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The Return of the Crested IbisIshi Hiroyuki

Kin, Japan’s last crested ibis born in the wild, died in 2003. Her demise did not mean the extinction of the species, however, as researchers in China were successfully breeding other wild crested ibises that they had discovered earlier. This article explores the relationship between the Japanese people and the crested ibis, Nipponia nippon.
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Autumn Crown of Gold: Three Ancient Japanese Ginkgo TreesTakahashi Hiroshi

Ichō (ginkgo) provide spectacular late autumn leaf viewing, putting on vivid displays of golden foliage. Japanese have long valued this unique, hardy species of tree, and impressive old-growth specimens are found across the country in such settings as Shintō shrines, public parks, and along roadways. Below we visit three ancient specimens decked out in their seasonal yellow splendor.
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Autumn in Tokyo: A Yellow Canopy at Meiji Shrine (Japan in Photos)

A man and child stroll under the deep yellow autumn leaves of ginkgo trees at the Meiji Shrine outer gardens in Tokyo on November 13, 2017. The annual ginkgo festival will be held at the gardens from November 17 to December 3. (© Jiji)
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Crane on the Rubbish Heap: The Challenges of Continuing ConservationIshi Hiroyuki

Hokkaidō now has the world’s largest population of red-crowned cranes, but this has also created a dilemma. While the birds are no longer endangered, they are proving a menace to farmers who complain that they are destroying their crops. Is there a way for the cranes and human beings to coexist?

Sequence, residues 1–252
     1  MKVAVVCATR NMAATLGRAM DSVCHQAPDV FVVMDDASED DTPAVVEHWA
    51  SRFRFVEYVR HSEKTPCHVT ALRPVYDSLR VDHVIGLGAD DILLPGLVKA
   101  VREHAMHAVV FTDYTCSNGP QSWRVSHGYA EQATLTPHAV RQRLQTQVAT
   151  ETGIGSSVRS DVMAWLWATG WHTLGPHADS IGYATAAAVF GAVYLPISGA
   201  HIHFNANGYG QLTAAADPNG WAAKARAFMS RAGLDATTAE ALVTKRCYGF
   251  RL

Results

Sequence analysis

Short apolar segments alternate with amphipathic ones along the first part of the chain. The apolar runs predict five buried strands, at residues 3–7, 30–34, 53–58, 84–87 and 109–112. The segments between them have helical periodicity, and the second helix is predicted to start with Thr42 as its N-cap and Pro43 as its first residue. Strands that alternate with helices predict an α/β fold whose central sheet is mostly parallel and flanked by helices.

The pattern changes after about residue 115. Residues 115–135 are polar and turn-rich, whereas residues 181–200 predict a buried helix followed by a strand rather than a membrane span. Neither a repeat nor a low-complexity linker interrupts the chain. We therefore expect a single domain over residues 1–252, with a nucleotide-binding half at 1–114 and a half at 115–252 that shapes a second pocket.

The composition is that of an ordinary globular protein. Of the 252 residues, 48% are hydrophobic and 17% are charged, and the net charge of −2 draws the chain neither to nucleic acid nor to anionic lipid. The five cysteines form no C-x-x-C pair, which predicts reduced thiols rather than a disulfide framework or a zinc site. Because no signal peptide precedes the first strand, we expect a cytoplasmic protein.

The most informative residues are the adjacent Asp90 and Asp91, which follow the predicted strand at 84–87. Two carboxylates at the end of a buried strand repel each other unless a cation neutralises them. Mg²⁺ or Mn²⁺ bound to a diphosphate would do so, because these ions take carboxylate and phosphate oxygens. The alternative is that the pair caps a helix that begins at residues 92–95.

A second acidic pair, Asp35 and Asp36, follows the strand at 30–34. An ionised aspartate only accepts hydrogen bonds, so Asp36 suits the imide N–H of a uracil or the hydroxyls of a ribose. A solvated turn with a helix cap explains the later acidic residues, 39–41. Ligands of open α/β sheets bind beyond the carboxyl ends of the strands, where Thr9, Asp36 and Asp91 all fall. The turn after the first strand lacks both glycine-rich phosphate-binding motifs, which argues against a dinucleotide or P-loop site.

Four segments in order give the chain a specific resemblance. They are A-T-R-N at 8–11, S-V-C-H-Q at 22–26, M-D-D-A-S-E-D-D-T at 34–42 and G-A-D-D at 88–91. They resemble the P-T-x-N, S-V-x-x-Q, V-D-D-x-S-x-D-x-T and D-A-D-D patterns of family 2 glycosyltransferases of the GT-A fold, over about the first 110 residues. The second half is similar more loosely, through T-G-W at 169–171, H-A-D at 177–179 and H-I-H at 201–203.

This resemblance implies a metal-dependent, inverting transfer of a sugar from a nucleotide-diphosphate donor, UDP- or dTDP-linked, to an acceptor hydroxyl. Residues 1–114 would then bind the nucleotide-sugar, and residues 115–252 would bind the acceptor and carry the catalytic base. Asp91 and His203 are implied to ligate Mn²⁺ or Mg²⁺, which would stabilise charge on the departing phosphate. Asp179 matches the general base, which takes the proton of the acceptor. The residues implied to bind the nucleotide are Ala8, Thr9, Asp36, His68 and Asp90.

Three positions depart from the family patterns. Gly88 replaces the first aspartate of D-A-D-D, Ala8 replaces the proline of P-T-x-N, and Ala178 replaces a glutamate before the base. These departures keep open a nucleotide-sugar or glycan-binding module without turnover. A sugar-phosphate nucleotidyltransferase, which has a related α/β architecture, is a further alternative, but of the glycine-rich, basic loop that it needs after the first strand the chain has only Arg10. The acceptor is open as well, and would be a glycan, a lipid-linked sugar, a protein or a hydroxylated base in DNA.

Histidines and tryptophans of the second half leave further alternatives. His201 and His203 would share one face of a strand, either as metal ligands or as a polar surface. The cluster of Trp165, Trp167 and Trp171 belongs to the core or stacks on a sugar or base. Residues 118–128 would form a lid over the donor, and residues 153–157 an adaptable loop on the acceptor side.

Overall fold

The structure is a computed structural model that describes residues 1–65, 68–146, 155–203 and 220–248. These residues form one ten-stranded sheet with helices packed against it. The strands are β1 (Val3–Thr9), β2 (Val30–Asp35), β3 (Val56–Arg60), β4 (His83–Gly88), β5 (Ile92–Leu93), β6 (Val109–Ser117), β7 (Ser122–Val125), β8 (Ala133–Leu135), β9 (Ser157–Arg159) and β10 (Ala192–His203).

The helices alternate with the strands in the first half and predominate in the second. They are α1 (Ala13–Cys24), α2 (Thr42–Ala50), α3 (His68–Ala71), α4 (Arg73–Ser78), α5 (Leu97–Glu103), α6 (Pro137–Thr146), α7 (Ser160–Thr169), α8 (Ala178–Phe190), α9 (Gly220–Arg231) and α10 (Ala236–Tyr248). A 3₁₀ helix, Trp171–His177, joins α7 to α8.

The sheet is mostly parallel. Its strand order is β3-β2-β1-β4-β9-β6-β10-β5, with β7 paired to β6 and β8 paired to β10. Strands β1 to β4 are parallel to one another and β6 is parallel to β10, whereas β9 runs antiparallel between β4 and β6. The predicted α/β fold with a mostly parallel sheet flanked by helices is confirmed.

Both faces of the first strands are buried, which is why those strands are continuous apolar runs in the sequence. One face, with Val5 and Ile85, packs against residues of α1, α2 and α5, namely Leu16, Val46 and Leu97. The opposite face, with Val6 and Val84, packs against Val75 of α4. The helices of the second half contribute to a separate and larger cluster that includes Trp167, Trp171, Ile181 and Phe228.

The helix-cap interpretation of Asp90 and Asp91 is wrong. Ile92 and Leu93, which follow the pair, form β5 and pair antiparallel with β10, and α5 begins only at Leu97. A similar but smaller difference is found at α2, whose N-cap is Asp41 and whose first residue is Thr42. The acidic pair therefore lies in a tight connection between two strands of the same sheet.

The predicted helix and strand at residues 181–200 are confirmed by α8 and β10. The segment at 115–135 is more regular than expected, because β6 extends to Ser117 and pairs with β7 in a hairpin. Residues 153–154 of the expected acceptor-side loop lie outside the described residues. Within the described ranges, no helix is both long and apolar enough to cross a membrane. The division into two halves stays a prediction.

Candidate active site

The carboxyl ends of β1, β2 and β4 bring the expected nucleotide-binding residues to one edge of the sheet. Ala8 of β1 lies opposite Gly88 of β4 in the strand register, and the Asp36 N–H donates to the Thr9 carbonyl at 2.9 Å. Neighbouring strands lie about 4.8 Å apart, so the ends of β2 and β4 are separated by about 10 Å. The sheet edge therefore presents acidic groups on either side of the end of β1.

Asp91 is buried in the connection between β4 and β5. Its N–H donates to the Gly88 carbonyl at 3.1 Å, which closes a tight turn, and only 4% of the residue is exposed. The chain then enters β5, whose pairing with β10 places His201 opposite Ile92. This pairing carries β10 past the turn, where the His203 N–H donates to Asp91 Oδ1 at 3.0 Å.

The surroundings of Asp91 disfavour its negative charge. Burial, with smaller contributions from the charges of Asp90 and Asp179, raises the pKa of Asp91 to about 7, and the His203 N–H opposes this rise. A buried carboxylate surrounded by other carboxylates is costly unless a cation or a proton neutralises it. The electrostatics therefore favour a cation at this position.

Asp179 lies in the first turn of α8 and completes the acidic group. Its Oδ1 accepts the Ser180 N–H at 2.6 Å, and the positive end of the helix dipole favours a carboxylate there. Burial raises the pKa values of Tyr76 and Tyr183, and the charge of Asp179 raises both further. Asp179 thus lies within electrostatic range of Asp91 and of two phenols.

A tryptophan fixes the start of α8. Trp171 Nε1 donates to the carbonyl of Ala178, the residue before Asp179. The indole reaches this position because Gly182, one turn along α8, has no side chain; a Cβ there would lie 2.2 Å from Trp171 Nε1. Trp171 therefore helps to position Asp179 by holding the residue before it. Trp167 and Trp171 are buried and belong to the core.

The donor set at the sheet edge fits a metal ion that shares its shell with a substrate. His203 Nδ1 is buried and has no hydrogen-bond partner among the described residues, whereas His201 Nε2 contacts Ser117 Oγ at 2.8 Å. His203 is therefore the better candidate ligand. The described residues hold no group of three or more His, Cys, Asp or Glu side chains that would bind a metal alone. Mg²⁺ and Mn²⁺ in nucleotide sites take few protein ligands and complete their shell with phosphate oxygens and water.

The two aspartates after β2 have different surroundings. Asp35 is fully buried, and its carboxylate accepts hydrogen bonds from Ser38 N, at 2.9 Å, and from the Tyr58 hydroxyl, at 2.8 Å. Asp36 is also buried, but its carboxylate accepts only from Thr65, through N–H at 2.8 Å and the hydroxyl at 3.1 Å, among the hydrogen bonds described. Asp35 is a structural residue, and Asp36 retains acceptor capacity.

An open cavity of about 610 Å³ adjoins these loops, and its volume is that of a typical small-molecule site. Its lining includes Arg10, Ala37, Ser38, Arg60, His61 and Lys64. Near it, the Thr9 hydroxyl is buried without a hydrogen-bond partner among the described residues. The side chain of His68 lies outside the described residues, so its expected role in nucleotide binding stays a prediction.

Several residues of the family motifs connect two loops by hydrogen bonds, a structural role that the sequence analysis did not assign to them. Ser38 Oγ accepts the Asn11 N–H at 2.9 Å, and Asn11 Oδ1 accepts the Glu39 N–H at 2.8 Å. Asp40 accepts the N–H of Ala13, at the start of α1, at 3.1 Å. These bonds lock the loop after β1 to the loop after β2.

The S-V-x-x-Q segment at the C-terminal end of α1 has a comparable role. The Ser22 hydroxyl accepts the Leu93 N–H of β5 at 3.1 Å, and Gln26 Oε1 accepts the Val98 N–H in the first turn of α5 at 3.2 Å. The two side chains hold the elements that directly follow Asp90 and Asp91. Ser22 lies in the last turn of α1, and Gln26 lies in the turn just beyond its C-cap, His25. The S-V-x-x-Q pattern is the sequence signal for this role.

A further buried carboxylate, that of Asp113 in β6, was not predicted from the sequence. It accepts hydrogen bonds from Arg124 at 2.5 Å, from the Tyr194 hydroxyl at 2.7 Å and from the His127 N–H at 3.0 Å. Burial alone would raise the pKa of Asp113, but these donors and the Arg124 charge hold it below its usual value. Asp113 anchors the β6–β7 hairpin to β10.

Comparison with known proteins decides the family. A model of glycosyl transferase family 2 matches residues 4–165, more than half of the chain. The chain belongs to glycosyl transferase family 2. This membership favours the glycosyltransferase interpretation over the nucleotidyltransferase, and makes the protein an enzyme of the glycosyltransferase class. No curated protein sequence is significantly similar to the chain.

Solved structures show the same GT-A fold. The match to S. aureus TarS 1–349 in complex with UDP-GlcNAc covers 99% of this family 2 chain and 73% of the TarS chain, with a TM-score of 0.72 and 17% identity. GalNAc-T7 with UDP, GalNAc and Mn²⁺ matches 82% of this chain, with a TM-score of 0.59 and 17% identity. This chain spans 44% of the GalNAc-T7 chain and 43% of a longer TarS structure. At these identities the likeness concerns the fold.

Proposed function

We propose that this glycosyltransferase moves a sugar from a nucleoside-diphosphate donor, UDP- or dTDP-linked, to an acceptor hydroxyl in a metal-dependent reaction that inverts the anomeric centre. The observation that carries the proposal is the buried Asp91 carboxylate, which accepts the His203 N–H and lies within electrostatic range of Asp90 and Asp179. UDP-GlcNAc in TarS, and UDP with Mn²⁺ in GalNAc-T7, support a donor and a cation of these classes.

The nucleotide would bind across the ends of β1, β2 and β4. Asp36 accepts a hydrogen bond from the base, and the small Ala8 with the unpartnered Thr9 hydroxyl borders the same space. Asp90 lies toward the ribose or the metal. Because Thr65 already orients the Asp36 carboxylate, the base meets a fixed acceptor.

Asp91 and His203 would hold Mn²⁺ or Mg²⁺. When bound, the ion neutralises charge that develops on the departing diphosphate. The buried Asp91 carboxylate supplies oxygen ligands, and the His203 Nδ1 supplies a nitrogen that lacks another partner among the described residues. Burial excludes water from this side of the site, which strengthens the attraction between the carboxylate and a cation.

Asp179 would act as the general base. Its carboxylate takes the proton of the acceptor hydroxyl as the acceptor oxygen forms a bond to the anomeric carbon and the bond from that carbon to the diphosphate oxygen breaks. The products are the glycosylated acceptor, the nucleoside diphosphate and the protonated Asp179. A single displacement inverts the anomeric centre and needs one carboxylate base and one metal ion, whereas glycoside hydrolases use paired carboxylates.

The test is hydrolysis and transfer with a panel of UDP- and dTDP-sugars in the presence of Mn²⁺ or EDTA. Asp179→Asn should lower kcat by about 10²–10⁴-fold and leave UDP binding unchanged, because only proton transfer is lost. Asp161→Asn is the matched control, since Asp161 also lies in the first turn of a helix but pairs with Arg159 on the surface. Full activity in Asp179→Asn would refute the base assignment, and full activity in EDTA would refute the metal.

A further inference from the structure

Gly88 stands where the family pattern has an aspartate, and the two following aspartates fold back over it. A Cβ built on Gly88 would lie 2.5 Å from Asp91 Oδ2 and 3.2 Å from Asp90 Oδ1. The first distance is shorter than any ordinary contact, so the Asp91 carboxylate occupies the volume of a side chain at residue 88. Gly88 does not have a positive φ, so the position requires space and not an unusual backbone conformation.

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Ancient Colors: Three Old-Growth Trees in AutumnTakahashi Hiroshi

In autumn, Japan’s wooded areas delight the eyes with a vibrant display of seasonal colors. Old-growth giants, known as kyoju, also join the spectacle and frequently steal the show, brightening shrines, public parks, and roadways with their stunning foliage.
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A Thousand Cranes Take FlightIshi Hiroyuki

The red-crowned crane has long been revered in Japan as an auspicious bird. Once the cranes could be found throughout the country, but overhunting in the early years of Japan’s modern era decimated their numbers until they disappeared altogether on the main island of Honshū. Fortunately, extensive conservation efforts have brought back the beloved bird from near extinction. Where at one point there were only 33 red-crowned cranes confirmed in Japan, there are now 1,800.
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In Photographic Pursuit of Hokkaidō’s Rare Owls (Photos)Tanaka Hiroshi

The shimafukurō, one of the world’s largest owl species, was once thought extinct in Japan and is still considered endangered. Tanaka Hiroshi has been focusing his camera on these magnificent raptors in his native Hokkaidō for over two and a half decades.
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Naming the PandasNippon.com Staff

A panda cub at Tokyo’s Ueno Zoo has been seizing Japanese headlines ever since its birth in June 2017. Amid much fanfare, its name was announced on September 25 as Shan Shan. Or should that be Xiang Xiang? As symbols of Sino-Japanese cooperation, the animals’ names fall into something of a gray area between the two languages. Ueno Zoo now has three pandas. The cub’s mother is Shin Shin and the …
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Taiji in Wakayama Prefecture: The World in Miniature

Filmmaker Sasaki Megumi’s latest work was seven years in the making. A Whale of a Tale is a documentary about the town of Taiji in Wakayama Prefecture, notorious for its annual dolphin slaughter. The film sheds new light not only on the controversy about Japan’s whaling program but also on the nature of the clashes and polarizations between different worldviews in recent years.
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Wind and Rain: Three Ancient Trees in Typhoon SeasonTakahashi Hiroshi

Autumn brings stunning shades of foliage. But it is also the bearer of typhoons, those age-old and ruthless scourges of the forest. Ancient trees in regions where storms frequently pass have over the centuries girded themselves against the tempests by sending their roots out broad and deep and strengthening their limbs against the wind and rain. In our ongoing series on old-growth trees, we visit three venerable specimens that have been shaped by typhoons.
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